Tampa City Council paves way for partial panhandling ban
For months, the Tampa City Council has avoided an official discussion of whether to ban panhandling along the city’s roads. Today, that changed. The council narrowly adopted an ordinance that, if made into law, would ban panhandling on Tampa’s busiest roads.
Supporters of a panhandling ban say it’s an issue of public safety. Opponents say it undermines the ability to raise money for groups ranging from the unemployed to nonprofits. Darren Tierney is circulation manager with the St. Petersburg Times, which hires contractors to sell the Sunday paper on city roads. He said during public comment that the proposed ordinance looks a lot like the one St. Petersburg adopted over the summer.
"What it did was take away the only opportunity that many had to make an honest living by selling newspapers. It added to the unemployment rate. It made a tough time even tougher for some. It didn't solve their homeless issue."
Sonia Long is one of those contractors.
"I'm a taxpayer, too. As everyone knows I'm a college graduate, and I just want to know if you all come and allow this ordinance to pass today. ...I have a daughter that will be 14 years on next Tuesday. What ... what am I to tell her? She's already ashamed that I'm out there on Sundays, but she's been able to deal with it. I have a daughter who just turned 11 in the month of December and thank God you didn't ban us then because I was able to provide Christmas presents. But I want you to tell me who's going to pay my TECO bill? Who's going to take care of my water bill next week?"
The Muscular Dystrophy Association is a nonprofit that relies on boot drives for donations. These involve local firefighters collecting money at intersections. Paula Orandash is a health care service coordinator with that organization. She said the boot drive raises funds for clinical services for muscular dystrophy patients at St. Joseph’s hospital, and can pull in $130,000 a year. She said that’s enough to help over 400 families.
"In today's economy families are looking towards charities and social service organizations for more help and that's why we are so passionate about our firefighters being out on the street helping with their boot drives."
The council is also divided on the issue of homeless and other individuals asking for money by the side of the road. Council member Mary Mulhern has been opposed to a citywide ban. She has said the current economy is driving more and more people to panhandling.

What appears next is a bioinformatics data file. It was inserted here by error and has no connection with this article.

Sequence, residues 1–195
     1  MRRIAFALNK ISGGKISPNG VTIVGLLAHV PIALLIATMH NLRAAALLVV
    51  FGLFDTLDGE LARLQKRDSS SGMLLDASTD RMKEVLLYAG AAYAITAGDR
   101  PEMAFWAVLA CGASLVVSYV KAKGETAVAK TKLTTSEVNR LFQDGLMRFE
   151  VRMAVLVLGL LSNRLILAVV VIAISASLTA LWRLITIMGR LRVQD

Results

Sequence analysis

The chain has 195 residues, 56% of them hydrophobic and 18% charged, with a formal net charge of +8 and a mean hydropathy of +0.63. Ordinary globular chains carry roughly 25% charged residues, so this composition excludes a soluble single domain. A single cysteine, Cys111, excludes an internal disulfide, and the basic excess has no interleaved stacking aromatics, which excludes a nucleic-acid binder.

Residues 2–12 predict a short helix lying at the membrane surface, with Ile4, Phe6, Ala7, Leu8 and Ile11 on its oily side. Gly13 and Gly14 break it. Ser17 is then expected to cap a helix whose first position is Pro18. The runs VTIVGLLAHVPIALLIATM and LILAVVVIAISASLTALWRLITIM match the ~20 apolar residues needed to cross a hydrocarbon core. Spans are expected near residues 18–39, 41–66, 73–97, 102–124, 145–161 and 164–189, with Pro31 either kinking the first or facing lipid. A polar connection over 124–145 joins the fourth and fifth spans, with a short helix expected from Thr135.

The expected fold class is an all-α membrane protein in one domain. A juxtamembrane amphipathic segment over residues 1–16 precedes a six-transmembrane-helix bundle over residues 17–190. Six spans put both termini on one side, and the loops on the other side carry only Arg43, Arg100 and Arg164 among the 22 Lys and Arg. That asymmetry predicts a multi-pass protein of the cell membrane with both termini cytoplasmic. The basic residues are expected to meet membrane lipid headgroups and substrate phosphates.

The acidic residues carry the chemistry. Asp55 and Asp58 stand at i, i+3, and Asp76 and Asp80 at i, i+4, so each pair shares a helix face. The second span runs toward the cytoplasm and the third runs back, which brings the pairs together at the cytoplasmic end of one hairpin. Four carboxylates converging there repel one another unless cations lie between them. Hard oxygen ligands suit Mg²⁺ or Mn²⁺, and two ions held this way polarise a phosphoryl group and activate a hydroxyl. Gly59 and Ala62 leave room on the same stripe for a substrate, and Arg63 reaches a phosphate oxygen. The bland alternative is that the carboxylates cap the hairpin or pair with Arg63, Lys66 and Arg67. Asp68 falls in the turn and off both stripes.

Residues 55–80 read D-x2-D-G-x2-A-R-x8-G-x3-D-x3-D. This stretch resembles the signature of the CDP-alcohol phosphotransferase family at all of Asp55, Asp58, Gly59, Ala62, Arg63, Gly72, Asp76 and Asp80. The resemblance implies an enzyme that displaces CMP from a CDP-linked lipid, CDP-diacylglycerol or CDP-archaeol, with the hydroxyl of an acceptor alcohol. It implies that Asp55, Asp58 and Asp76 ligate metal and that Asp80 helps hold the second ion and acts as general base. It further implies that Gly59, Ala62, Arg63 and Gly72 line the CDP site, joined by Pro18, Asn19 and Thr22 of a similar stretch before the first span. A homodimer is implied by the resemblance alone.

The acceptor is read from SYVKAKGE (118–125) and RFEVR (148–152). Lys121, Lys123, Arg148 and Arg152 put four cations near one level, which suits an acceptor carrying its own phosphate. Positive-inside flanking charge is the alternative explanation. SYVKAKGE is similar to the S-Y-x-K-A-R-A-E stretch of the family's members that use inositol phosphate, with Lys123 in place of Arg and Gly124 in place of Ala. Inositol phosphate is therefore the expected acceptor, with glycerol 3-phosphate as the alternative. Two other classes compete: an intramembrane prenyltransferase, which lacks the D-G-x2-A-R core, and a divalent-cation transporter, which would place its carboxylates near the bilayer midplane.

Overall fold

"We don't want to tell people that they cannot ask for help. The only way that we're going to be able to do that is if we're convinced that this is really a public safety hazard on the roadways."
Tampa assistant police Chief John Bennett told the council he strongly supports the ban because it’s preventative.
"When I gave the crash theater I have to use an analogy in our crime reduction plan. Over the last 8 years we're defending 1900 crimes every month of what used to be here 8 years ago. That takes a lot of preventative work. It's the same philosophy that we bring to anything that we look at is a prevention mind, not a reactive one. Our concern is is that we're handling 3 calls a day in the intersections and we're making an arrest a day, that is increasing the risk and whatever we gauge our risk meter on, whether it's by road or time of day or anything else, anything from zero up is increasing that risk and opportunity."
The council opted for an ordinance that would ban panhandling on arterial roads throughout Tampa. City attorney Chip Fletcher.
"Basically the arterials are the largest roadways within the city so Dale Marbry, Hillsborough, Fletcher, Fowler, Gandy, those larger roads with the high rate of travel, high volume of traffic, and often have the medians as well that we've had as issues."
Council member Joe Caetano was not impressed. He said he wants a citywide ban that would apply to all roads.
"I could identify 6 spots. One on Cross Creek, another one on New Tampa Blvd., one at Grand Hampton off of Countyline Road, another one at Palm Lake which goes into Commerce Park Boulevard. You're going to have somebody standing at the exit of a Publix or the entrance of a Publix soliciting. I want a total ban."
Fletcher said that banning roadside soliciting on an ad hoc basis wouldn’t fly for a number of reasons, including the First Amendment.
"Because of this free speech issue involved here we can't just pick certain roads and..."
"But we're doing that."
"No, what is before you is a recommendation to ban street solicitation on those roadways that meet certain technical standards. By definition we're calling them arterial roads and those are roads that meet certain designs and functional standards. What we can't do is then say what well we want the high volume roads and in addition to that we want these other roads that don't meet that standard."
The council approved the ordinance four-to-three, with council members Caetano, Charlie Miranda, and Yvonne Capin dissenting. The ordinance’s second reading takes place Thursday, February 3. If approved, it would be adopted into law. The public will be allowed to speak before the council votes.comments powered by Disqus